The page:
Quality of anticoagulation with phenprocoumon was comparably high in this real-world sample of regular medical care. Treatment in a telemedicine-based coagulation service substantially improved quality of OAC therapy with regard to TTR level, frequency of stable anticoagulation control, and TTR variability.

Trial registration

ClinicalTrials.gov, unique identifier NCT01809015, March 8, 2013.

Keywords

Coagulation service Epidemiology Health care research Oral anticoagulation Quality of therapy Telemedicine

Background

Oral anticoagulation (OAC) therapy is the established therapy to reduce the risk of thromboembolic events in patients with atrial fibrillation [1]. Furthermore, it is applied for secondary prevention in patients with thrombosis, pulmonary embolism, and prosthetic heart valves [2]. In the future, the increasing age of the population will lead to a higher prevalence of atrial fibrillation, the most frequent indication for OAC therapy, and this will strongly increase the need for long-term treatment with oral anticoagulants [3]. Vitamin K antagonists (VKAs) have been demonstrated to be effective oral anticoagulant agents in reducing the risk of thromboembolic events [4]. OAC therapy with VKAs has to be regularly monitored and adjusted in order to maintain patients’ international normalized ratio (INR) levels within target range and, consequently, to minimize adverse events. The benefits of OAC therapy highly depend on quality of treatment as measured by time in therapeutic range (TTR) [5,6]. Calculation of TTR is an established surrogate parameter to assess quality of anticoagulation treatment with VKA [7] and is closely correlated with outcome and frequency of thromboembolic events [5,8]. In well-controlled and monitored clinical trials, TTR of short-acting warfarin ranged from 55% to 67% [6,9-11]. In contrast, levels of TTR of VKA treatment in real world settings have been reported to be substantially lower [12,13].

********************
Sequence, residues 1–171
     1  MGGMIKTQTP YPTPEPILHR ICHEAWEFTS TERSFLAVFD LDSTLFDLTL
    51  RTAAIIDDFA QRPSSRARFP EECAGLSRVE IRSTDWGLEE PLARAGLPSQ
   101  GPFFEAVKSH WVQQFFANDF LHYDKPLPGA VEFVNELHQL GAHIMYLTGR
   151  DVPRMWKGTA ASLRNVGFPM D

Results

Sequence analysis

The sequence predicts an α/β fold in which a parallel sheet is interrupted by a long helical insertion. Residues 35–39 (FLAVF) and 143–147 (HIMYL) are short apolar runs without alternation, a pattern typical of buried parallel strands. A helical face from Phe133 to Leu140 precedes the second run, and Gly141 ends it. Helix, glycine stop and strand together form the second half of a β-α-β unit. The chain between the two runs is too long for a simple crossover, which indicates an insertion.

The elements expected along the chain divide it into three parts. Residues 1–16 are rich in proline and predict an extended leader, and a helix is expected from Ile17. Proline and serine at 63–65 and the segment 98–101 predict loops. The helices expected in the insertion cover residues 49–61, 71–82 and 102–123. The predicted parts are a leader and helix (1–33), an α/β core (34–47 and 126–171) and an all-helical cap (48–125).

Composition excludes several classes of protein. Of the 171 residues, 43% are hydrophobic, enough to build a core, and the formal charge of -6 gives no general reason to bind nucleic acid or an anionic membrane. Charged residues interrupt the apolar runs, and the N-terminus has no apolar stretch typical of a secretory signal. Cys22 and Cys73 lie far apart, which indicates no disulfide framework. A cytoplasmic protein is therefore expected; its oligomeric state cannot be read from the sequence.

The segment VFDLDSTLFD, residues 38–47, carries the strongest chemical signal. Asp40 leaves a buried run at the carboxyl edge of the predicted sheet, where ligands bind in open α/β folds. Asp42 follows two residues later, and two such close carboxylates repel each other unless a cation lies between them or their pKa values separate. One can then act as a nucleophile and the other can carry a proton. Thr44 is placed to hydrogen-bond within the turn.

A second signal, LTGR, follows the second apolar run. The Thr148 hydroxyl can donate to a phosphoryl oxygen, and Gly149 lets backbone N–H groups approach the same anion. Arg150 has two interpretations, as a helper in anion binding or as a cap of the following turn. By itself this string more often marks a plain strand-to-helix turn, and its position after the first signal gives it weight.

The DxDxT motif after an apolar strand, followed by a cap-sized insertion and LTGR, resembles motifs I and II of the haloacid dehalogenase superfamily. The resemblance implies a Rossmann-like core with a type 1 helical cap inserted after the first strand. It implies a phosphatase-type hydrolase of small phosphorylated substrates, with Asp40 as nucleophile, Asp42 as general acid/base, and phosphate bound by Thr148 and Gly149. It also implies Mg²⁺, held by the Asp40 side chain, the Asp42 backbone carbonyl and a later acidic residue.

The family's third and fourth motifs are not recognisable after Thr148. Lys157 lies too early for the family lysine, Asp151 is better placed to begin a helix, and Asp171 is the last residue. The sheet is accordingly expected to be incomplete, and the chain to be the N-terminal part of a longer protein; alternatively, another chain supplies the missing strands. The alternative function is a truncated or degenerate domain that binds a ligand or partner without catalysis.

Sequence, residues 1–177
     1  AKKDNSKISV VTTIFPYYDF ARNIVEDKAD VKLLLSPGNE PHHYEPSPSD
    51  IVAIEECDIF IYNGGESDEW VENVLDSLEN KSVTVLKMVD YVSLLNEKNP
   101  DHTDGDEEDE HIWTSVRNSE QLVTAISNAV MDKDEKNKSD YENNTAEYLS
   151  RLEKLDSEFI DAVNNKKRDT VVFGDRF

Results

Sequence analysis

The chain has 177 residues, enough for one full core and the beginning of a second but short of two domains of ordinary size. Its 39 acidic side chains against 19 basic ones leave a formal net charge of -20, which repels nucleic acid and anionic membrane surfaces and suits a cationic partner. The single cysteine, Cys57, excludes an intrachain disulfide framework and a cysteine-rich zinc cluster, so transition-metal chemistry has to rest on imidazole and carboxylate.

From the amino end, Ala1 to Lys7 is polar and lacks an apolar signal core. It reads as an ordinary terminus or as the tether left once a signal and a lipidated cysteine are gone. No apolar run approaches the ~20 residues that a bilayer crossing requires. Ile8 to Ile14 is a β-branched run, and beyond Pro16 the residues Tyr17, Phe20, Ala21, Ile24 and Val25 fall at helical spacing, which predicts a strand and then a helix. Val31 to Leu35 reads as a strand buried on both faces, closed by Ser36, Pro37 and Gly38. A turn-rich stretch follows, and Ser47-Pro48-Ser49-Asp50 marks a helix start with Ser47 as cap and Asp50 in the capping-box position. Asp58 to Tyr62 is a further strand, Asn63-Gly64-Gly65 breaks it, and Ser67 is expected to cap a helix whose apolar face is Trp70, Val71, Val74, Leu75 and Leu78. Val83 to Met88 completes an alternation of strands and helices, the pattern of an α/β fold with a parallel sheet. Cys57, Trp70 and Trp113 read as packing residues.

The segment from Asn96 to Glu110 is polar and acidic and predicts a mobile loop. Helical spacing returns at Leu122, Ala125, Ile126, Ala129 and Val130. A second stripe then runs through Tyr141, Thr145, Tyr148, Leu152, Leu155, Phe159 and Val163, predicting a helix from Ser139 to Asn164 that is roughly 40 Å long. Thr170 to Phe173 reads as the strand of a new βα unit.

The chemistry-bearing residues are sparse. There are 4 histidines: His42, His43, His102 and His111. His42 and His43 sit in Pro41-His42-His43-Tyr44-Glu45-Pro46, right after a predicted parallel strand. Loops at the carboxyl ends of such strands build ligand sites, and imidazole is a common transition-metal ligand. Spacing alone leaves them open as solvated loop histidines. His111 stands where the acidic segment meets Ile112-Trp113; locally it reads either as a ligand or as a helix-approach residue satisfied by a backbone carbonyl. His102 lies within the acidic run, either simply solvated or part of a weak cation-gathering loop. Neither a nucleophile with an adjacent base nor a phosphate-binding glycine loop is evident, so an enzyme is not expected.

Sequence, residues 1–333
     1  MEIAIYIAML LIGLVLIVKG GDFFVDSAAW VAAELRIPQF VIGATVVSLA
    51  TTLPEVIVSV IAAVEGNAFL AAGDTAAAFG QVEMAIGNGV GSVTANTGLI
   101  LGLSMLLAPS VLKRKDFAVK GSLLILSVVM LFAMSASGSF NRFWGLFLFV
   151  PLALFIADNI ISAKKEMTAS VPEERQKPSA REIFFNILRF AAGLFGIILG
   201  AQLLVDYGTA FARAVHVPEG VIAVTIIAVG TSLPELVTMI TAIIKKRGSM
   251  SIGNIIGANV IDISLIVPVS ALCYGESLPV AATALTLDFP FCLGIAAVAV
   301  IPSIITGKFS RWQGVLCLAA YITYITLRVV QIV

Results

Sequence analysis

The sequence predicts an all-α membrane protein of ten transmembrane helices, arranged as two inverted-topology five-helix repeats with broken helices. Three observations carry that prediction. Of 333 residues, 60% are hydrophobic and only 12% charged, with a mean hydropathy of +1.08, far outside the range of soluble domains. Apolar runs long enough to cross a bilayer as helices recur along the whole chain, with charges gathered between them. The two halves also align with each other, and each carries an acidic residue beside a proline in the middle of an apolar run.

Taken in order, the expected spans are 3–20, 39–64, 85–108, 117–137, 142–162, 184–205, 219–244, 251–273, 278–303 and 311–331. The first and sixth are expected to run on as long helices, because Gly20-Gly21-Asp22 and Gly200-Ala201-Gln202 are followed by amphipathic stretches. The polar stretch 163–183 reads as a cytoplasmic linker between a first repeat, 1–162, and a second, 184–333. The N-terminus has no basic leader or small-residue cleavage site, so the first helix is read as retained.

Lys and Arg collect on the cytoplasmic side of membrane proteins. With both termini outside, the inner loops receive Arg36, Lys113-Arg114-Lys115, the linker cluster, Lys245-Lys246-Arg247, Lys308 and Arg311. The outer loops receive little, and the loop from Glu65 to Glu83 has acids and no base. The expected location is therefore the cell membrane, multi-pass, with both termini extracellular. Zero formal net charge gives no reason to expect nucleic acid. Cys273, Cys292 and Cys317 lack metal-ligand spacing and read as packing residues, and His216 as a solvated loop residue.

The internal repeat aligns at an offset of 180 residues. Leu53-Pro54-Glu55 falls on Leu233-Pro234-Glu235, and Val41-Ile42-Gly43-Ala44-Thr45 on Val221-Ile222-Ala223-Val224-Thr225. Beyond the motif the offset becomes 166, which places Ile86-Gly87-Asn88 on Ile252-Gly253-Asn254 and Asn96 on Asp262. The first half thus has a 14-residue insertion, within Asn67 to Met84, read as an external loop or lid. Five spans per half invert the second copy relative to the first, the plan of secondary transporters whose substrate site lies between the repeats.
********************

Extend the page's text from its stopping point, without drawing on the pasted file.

Different approaches have been made to optimize the management of VKA-based OAC therapy ranging from community-based settings to specialized care at anticoagulation clinics and self-management education of patients. Anticoagulation clinics introduced in the Netherlands have been demonstrated to be associated with higher levels of TTR [14] as compared to data from regular medical care as well as to operate cost-effectively [15]. The choice of VKA – either short-acting (e.g., acenocoumarol or warfarin) or long-acting (e.g., phenprocoumon) – seems to be also of importance due to inherent differences of substances regarding pharmacodynamics and pharmacokinetics [16]. In the Netherlands, where anticoagulation clinics provide the management of OAC therapy nationwide, it has been demonstrated that quality of therapy with long-acting phenprocoumon is superior to short-acting acenocoumarol [17]. Worldwide, short-acting warfarin is the most commonly prescribed oral anticoagulant drug and has been studied intensively [18]. Nevertheless, long-acting phenprocoumon is also widely administered as oral anticoagulant agent [19]. Although a class-effect for all VKA substances regarding quality of therapy and clinical outcome has been postulated, evidence from large-scale studies on quality of OAC therapy with phenprocoumon reporting on real-life practice (comprising all indications for OAC), clinical outcome, and the potential for optimization of OAC therapy by a coagulation service are, to the best of our knowledge, currently not available in the literature.